The above graphic has left out one possible case when considering Statement 2 here. One line certainly must have a negative y-intercept, and therefore a positive slope. The other line has a positive y-intercept. If that intercept is high, as in the diagram above, this line will have a negative slope. However, if the y-intercept is close to the origin (say at y=1), the line can have a positive slope. From S2 alone, we can't determine whether the product of the slopes will be positive or negative.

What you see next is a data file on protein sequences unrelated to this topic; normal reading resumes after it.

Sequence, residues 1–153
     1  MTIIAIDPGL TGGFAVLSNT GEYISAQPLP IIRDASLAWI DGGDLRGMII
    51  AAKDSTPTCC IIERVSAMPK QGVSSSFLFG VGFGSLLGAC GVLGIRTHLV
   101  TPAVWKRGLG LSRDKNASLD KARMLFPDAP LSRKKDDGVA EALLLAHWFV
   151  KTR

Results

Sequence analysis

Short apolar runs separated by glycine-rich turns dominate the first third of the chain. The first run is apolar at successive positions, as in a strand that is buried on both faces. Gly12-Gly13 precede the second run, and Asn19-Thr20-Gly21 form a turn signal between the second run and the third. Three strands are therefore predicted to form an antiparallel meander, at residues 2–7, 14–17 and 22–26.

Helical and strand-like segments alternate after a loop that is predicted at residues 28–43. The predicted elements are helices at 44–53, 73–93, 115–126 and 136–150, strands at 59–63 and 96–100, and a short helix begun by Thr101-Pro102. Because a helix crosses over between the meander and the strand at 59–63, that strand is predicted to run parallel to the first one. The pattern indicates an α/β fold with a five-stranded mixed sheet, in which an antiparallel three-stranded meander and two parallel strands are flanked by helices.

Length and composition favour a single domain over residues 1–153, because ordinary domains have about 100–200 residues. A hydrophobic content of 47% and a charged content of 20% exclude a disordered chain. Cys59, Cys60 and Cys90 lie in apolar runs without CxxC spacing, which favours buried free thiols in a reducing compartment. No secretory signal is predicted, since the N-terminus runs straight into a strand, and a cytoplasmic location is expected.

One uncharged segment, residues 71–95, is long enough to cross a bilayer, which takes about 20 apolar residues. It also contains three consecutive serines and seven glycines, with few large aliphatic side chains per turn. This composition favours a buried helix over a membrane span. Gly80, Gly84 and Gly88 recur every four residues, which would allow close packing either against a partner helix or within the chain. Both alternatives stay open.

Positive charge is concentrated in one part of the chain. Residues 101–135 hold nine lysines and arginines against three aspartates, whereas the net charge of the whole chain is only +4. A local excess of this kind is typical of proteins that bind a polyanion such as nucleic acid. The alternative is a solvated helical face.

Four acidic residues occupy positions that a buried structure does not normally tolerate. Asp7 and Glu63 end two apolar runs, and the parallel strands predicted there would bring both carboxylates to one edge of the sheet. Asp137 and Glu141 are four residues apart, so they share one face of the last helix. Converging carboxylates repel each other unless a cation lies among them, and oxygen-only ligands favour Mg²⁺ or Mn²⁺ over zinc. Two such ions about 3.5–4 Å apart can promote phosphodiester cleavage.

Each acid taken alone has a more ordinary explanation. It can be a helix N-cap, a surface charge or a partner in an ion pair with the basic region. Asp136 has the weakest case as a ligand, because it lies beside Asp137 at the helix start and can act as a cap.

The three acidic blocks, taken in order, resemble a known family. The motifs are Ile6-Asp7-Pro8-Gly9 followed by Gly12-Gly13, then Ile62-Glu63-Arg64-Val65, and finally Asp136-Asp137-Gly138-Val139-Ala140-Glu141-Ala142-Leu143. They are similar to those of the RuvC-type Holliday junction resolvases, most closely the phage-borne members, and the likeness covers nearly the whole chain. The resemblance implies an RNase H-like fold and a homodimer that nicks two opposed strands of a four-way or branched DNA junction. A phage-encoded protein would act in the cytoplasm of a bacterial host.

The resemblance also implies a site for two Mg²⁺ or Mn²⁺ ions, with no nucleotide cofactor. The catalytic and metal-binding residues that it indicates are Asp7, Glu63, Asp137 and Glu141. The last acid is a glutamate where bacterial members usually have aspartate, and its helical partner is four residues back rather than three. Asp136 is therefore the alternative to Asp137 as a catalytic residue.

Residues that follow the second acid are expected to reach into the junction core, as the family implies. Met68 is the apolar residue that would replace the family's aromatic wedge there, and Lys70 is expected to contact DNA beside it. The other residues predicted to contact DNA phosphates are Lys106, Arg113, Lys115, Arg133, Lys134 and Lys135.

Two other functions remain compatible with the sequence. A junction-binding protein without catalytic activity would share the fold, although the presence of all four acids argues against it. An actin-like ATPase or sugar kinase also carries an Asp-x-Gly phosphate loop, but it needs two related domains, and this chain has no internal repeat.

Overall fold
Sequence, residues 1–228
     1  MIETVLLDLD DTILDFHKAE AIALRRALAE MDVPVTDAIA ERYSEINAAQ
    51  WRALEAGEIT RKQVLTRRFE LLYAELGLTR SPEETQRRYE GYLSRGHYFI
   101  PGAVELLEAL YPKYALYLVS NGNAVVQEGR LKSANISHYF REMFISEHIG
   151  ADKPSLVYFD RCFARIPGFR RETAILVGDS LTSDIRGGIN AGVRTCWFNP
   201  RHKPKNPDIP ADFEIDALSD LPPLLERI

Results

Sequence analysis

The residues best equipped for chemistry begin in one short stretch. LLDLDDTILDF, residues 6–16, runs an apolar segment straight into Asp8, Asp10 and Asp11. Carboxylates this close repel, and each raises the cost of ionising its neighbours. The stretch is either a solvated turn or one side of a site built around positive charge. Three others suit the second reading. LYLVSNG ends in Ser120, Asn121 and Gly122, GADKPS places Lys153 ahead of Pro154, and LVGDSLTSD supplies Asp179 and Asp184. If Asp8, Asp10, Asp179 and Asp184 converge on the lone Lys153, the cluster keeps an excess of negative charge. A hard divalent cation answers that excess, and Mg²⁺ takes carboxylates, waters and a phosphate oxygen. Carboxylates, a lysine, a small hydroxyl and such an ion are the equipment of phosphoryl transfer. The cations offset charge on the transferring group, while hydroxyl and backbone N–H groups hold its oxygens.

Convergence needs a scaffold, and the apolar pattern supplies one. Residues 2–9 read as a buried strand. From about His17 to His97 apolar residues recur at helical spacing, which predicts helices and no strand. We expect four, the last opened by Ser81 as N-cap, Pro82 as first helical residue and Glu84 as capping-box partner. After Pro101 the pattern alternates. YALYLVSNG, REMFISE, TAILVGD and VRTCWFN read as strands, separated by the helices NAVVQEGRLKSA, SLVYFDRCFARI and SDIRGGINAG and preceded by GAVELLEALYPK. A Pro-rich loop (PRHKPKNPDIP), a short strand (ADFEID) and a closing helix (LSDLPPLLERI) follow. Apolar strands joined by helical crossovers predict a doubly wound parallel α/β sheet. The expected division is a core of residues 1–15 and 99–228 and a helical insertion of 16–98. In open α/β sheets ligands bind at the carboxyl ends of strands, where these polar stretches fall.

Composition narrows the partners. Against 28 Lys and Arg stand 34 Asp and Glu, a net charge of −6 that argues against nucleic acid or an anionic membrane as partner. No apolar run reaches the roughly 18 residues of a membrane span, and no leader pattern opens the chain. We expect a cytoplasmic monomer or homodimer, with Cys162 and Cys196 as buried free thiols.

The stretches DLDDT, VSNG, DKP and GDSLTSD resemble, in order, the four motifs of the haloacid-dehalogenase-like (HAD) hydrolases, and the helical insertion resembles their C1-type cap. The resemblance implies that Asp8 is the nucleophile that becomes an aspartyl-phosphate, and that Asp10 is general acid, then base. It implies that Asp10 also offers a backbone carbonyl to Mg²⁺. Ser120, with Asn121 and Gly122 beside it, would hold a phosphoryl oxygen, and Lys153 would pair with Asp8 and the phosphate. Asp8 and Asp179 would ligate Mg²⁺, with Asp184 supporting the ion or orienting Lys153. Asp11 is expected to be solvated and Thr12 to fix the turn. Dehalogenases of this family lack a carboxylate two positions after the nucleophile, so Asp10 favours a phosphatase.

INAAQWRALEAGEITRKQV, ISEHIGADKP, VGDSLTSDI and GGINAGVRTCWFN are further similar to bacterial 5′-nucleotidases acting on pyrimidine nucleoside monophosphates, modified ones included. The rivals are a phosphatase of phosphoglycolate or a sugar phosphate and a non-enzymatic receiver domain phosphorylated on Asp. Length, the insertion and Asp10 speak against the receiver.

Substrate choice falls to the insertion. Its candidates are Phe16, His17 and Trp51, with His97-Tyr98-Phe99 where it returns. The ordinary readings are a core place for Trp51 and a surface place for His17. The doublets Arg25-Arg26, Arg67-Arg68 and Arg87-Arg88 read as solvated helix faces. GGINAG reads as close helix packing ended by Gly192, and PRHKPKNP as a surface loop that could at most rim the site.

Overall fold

edit - sorry, I missed bigoyal's solution above, which is perfect.
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